Issue #321, 18th January 2019

This Week's Favorite


Engineering Management: The Pendulum or the Ladder
8 minutes read.

Charity Majors is spot on, as always. I'd add a couple of things to it: (1) invest the time reading books, blog posts and watching videos covering the fundamentals of software and team building, e.g. what are the building blocks of the new lib/concept you just heard of (this rarely change) and how to create alignment of incentives for people, and then (2) Take Charity's checklist under "Let’s run a quick test:" and add a few ideas of your own. Some ideas: "Build an internal tool that would speed up development work" or "Create visibility (dashboards) into areas where usage and benefits are not clear" etc.

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Culture


This Year My Family Decided That Each of Our Presents Had to Be Handmade, So This Is What I Made for My Dad.
1 minutes read.

My humble effort to help you start the weekend with a smile on your face. Check the entire thread as it covers the DIY of this masterpiece.

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I Didn't Want to Be a Manager Anymore—and the World Didn't End
5 minutes read.

"Our engineering organization doesn’t treat the different hats as promotions or demotions." -- Noa Elad from Gusto shares her transitions between individual contributor (engineering) and manager, and what you should do to maximize for the ability to explore areas of interests and happiness. I highly recommend setting a calendar reminder for yourself with the content Noa shared under "If you want a career change," so you could read it at least once a quarter, and make sure you're in control of your career.

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1/ I Became "CEO" at 20. I Dropped Out of College. I Had Only Interned Somewhere Prev. Looking Back, I Couldn't Imagine the Journey That Would Occur From Writing Code All Day to Scaling to 300 People. I Got Lucky, I Screwed Up a Lot, & Had a Lot of Help. Here's What I Learned... (Thread)
3 minutes read.

Suhail (CEO of Mixpanel) shares the lessons he took running a VC-backed company at such an early age. These lessons apply to anyone who's serving a relatively large group of people, e.g., "Control your mood meeting-to-meeting. Sometimes you will have a bad/devastating meeting but try to remember that the next set of people don’t have that context & may be excited/stressed to meet with you." or "You will royally screw it up with people in your company even if it wasn't your decision. They may even dislike *you* for a long time. The words “I am sorry. I screwed up.” are some of the most powerful words you can ever say to someone. It won’t always fix it though."

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Incident Response: Trade-Offs Under Pressure (Video)
35 minutes read.

John Allspaw (ex-CTO of Etsy) will help you optimize the way you run production incidents. The minute this process becomes a blame game, or zero-sum game between different departments, people will stop trusting each other. You cannot create a safe environment and let people learn without constructively handle incidents.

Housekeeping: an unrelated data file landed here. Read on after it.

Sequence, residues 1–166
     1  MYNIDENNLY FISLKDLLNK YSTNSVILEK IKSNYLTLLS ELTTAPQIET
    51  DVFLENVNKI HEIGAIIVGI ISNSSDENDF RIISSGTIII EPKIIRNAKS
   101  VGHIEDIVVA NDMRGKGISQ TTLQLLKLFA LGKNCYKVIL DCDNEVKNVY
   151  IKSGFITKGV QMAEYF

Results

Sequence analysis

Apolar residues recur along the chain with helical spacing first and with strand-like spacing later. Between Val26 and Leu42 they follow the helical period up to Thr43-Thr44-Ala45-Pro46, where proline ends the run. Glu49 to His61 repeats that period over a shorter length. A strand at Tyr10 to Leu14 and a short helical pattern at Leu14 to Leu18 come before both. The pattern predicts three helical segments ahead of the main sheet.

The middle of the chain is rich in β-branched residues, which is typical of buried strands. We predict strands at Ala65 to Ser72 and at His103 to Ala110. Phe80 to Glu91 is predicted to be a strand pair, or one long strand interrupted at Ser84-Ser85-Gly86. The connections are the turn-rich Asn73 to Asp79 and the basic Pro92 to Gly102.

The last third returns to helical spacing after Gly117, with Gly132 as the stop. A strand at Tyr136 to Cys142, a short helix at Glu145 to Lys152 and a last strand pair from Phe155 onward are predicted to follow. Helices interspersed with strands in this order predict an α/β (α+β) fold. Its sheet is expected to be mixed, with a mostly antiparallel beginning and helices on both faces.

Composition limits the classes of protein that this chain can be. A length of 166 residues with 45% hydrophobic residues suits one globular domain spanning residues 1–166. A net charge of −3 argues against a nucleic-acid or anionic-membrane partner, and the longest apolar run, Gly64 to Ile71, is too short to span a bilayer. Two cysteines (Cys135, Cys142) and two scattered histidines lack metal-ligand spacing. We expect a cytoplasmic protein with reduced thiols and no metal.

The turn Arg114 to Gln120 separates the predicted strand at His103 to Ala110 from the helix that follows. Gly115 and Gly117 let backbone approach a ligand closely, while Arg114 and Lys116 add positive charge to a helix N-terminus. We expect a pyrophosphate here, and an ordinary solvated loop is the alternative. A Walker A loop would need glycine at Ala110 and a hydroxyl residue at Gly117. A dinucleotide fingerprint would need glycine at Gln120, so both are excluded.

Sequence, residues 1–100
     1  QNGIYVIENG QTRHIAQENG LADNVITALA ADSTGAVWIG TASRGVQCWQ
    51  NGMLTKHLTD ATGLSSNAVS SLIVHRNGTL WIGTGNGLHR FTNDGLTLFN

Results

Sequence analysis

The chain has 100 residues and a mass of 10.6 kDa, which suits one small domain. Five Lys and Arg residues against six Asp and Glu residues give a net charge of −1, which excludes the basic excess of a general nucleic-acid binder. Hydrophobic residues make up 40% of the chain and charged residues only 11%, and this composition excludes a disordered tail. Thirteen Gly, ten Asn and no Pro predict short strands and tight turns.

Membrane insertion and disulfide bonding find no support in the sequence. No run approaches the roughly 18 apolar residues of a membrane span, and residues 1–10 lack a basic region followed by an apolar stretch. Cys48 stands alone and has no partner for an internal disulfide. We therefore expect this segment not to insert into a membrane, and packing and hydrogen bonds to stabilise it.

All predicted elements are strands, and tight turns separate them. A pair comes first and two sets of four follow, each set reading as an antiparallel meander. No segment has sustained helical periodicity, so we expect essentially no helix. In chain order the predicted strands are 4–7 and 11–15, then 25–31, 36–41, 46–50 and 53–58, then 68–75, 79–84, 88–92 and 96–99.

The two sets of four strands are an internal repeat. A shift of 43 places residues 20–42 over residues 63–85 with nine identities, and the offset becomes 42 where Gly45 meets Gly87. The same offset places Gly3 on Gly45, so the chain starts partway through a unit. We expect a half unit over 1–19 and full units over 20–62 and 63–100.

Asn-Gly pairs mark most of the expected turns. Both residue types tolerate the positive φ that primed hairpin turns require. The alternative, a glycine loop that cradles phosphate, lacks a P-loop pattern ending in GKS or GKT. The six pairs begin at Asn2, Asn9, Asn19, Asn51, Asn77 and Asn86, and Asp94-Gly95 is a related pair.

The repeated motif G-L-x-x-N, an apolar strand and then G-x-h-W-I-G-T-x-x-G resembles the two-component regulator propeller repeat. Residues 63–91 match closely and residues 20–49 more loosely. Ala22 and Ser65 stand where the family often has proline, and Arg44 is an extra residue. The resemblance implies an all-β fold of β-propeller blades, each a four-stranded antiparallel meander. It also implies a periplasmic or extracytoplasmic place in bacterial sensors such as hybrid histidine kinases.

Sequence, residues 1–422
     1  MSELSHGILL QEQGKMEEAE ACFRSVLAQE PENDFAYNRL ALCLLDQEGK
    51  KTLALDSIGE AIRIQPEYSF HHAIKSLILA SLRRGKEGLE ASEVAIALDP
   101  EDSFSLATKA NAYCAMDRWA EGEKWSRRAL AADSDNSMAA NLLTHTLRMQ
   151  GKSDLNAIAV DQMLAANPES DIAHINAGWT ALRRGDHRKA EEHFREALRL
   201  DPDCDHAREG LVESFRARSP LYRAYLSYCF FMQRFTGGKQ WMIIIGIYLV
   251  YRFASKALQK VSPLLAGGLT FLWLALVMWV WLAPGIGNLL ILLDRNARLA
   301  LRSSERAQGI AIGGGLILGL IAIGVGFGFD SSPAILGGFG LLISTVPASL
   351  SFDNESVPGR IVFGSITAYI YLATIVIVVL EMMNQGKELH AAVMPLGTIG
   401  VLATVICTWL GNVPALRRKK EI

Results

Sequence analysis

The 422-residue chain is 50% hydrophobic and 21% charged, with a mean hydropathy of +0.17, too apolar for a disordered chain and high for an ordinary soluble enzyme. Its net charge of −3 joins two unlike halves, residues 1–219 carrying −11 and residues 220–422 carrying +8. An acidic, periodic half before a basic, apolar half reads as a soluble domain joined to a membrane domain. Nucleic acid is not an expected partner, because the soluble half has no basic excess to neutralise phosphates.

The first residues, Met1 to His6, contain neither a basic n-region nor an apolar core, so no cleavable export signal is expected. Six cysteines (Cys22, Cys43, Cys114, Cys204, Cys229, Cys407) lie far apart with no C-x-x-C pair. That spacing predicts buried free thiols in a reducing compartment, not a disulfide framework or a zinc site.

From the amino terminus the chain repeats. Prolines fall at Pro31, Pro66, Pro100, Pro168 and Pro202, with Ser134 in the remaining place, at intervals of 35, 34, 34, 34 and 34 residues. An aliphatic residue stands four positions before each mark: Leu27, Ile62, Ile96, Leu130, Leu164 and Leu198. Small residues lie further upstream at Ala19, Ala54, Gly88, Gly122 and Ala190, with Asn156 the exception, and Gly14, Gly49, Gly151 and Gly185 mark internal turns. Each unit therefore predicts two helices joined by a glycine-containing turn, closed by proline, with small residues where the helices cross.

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Peopleware


Being a Great Engineering Mentor
5 minutes read.

I think that using the “who to be in this situation” rather than “what to say” or “how to act” can be a powerful mental model, as it reminds you your role (and goals) in the conversation. Share this post with Senior ICs (Individual Contributor) in your company, so they'll know how to become better mentors to others.

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The First Two Questions to Ask When Your Team Is Struggling
4 minutes read.

Cate Huston's observations made me pause and think hard on where I should create more clarity for my teammates: "Here’s the thing about the “vision” problem: It’s a comfortable one. No one on the team feels threatened by it, because it’s largely someone else’s problem. [...] Clarity involves hard conversations, hard truths, and defining one, then two, then three steps ahead. It is hard work that looks small from the outside—a “no” here, a “no” there, a refinement of this and that."

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Ask HN: Going From Developer to Manager. What Should I Know or Learn?
5 minutes read.

Over 180 comments on this Hacker News thread, with tips, content (Books, posts, lectures) worth reading and the obvious trolls here and there you'd expect. I spent 5 minutes there skimming for recommendations of books and interesting takeaways such as: "I say this in complete seriousness, but group therapy was probably the most important helpful training in my transition from developer to manager."

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Inspiring Tweets


@karen_meep: Retention Is Achieved By: 1. Genuinely Caring About a Person, on a Personal Level (Start With Empathy) 2. Genuinely Caring About a Persons Professional Growth. 3. Taking Appropriate Action to Accommodate for Their Personal and Professional Needs. and No, You Can’t Pick 2.

@practical_works: A Lot of Disagreements Between Depts and Disciplines Boils Down to Misaligned Incentives. For Instance, When: PMs' Goal Is Shipping Designers' Goal Is "Quality" Engineers' Goal Is Not Breaking Prod You're Going to Have a Bad Time. Get Aligned!

- Oren

P.S. Can you share this email? I'd love for more people to experiment and improve their company's culture.

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